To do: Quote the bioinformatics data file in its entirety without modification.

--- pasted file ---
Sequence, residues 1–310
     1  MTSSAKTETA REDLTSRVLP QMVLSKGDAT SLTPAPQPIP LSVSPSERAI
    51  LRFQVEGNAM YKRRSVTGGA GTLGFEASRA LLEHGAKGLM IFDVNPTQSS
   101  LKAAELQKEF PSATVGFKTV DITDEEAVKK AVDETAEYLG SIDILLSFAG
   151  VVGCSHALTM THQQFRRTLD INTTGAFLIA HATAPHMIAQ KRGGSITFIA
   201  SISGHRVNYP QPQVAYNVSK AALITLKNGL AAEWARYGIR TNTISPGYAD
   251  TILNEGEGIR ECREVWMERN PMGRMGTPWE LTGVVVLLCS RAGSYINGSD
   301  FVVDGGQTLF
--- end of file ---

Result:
Sequence, residues 1–310
     1  MTSSAKTETA REDLTSRVLP QMVLSKGDAT SLTPAPQPIP LSVSPSERAI
    51  LRFQVEGNAM YKRRSVTGGA GTLGFEASRA LLEHGAKGLM IFDVNPTQSS
   101  LKAAELQKEF PSATVGFKTV DITDEEAVKK AVDETAEYLG SIDILLSFAG
   151  VVGCSHALTM THQQFRRTLD INTTGAFLIA HATAPHMIAQ KRGGSITFIA
   201  SISGHRVNYP QPQVAYNVSK AALITLKNGL AAEWARYGIR TNTISPGYAD
   251  TILNEGEGIR ECREVWMERN PMGRMGTPWE LTGVVVLLCS RAGSYINGSD
   301  FVVDGGQTLF